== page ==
LIFE IN BOCAS DEL TORO Article and Photos by Linda Card
In the past two weeks I’ve had the opportunity to travel to two of Panama’s most popular destinations. I live in David, so neither one is too far away, but they are worlds apart in many ways, from David and from each other. While they are both on the western side of Panama, Bocas del Toro and Boquete are probably different in more ways than they are the same. Here we’ll take a look at what it’s like to live in Bocas del Toro.
Bocas del Toro is an archipelago in the Caribbean Sea in the northwest corner of Panama, near the border with Costa Rica (CR). If you are a person who likes to be around, in or on the water, Bocas may be a great place for you.
The main island of the group is Isla Colón, where Bocas Town is located. To get there you must travel by air or water. There are flights from Panama City (PC) and San Jose, CR, and water taxis from Almirante and Changuinola. Bocas Town has a funky, laid back feel to it, typical of island getaways. There are plenty of hotels, resorts, and hostels, of all sizes, characters and price ranges, so it’s not hard to find a place to stay (except during peak times). There’s also an assortment of restaurants and bars, many of them overlooking the water, where you can hang out as long as you like.
Bocas del Toro is stunningly beautiful, with turquoise seas and white sand beaches. The islets are covered with rainforest foliage and vibrantly painted flowers. Exotic creatures like sloths, toucans and iguanas live in the jungle. Certainly, a visit is mandatory if you are a beach and water loving traveler. But living there is a far cry from being a tourist, as many blogs and books will testify.
Life on the Water
Since there are no roads between land masses, few folks have cars. All transport is by boat, large or small, commercial or private. Water taxi services from Almirante to Bocas Town are reliable, inexpensive, and fast. Once in Bocas, several providers offer water taxi service to the various islands, and some resorts include transport among their guest services. Large loads are carried on a ferry that runs regularly between Almirante and Bocas Town, but space is limited.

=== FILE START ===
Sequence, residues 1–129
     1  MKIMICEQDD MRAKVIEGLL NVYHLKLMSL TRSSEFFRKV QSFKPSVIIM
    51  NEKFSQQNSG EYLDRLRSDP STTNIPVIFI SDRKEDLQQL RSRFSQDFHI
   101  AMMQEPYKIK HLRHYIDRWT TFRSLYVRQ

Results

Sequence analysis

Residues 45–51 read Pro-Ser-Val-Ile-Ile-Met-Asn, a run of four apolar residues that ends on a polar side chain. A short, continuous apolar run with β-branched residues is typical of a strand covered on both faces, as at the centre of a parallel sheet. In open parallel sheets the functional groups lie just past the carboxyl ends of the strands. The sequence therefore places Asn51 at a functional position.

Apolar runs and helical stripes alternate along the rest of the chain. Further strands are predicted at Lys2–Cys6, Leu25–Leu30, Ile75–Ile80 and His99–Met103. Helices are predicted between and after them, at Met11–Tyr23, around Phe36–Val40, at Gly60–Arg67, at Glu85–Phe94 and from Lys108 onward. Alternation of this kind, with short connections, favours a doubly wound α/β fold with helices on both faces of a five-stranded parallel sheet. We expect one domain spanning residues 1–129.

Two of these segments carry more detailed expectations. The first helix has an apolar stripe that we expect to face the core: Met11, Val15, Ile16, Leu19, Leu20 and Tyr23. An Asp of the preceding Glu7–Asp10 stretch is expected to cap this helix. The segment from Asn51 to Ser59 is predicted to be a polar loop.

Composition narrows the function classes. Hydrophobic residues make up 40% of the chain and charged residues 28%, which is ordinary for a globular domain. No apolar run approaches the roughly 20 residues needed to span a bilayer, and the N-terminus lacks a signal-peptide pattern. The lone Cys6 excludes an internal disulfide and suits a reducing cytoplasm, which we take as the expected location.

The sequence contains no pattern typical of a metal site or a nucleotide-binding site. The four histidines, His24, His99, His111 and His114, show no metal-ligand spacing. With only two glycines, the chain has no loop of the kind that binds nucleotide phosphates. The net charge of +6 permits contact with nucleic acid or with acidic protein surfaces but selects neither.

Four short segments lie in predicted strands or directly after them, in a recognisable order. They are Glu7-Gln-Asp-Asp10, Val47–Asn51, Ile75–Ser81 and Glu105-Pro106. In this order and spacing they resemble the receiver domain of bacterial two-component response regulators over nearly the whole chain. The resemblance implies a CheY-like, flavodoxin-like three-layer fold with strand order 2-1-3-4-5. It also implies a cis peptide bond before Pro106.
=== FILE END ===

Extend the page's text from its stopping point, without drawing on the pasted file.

Plenty of people live in town and on the islands, and they have to be able to buy groceries, hardware, and general household and personal stuff. While the shopping options have improved in recent years in Bocas Town, they are still very limited. Many folks make regular trips to David or PC for their shopping, and then they have to get their stuff back home.
Fortunately there are trucking companies, large and small, that will carry your goodies from David or PC to Almirante, then on to Bocas Town, but then you still have to get them by water taxi or “panga” (a long, narrow, wood or fiberglass boat, with outboard motor or paddles) to your final destination. Friends of mine have built a house on a steep slope with a gorgeous view over the bay. Whenever they get to their dock with their panga loaded with stuff, they call a helper from the nearby Indian village to come and carry the load up to their house. My friend said to me on our last visit, “I don’t know what we’d do if we didn’t live so close to the village.”
Since all movement takes place via water, the weather is always a consideration. Most pangas are not covered, and Bocas get a lot of rain. If the wind kicks up or a storm moves through, motoring in a panga becomes uncomfortable at least, and dangerous at worst. Add to this concern the ever increasing price of fuel, and you realize that trips to and from town have to be planned for maximum efficiency.
Tourist spots must have infrastructure to meet their guests’ needs. Red Frog Resort on Isla Bastimentos is a good example. They have three generators, gallons and gallons of water from wells, and multiple backups for communications (radio, phone, and internet). Unfortunately, infrastructure in much of the island area is lacking. Again, it’s slowly improving, but roads (where they exist) are typically unpaved and full of holes, and public docks for private pangas are very few. Power outages are not uncommon, and even a short dry spell stresses the fresh water supply. In the outlying, more remote areas, accessing utilities can be difficult and expensive.
Utilities aren’t the only thing that can be expensive. Anywhere in the world, island living is more expensive simply because transport of goods by boat adds to shipping costs. Bocas is no exception, so groceries and ordinary goods cost more than on the mainland. For instance, a pound of Panama coffee beans costs $6.79 in David, and $7.59 in Bocas. In general, the cost of living in Panama is less than in North America or Europe, so you’re still ahead. If you live on a limited budget, however, you’ll want to research costs before settling in Bocas.
Plenty of adventurous folks, both locals and foreigners, have tackled and overcome the challenges associated with making a home in Bocas del Toro. Full of interesting personalities, quirky businesses, and international boaters, Bocas attracts the unconventional. A sense of community brings bocateños and extranjeros together for local projects and traditional celebrations. The area’s natural beauty and exotic feel, combined with the variety of adventure and water sports, create a very desirable destination.
So don’t be discouraged, but just know what to expect. Our intent here is to provide you with first-hand knowledge so you can make an informed decision about Panama. If you are up for the adventure, and have the resources, determination and stamina, you too can create your own little paradise out of the jungle in Bocas del Toro.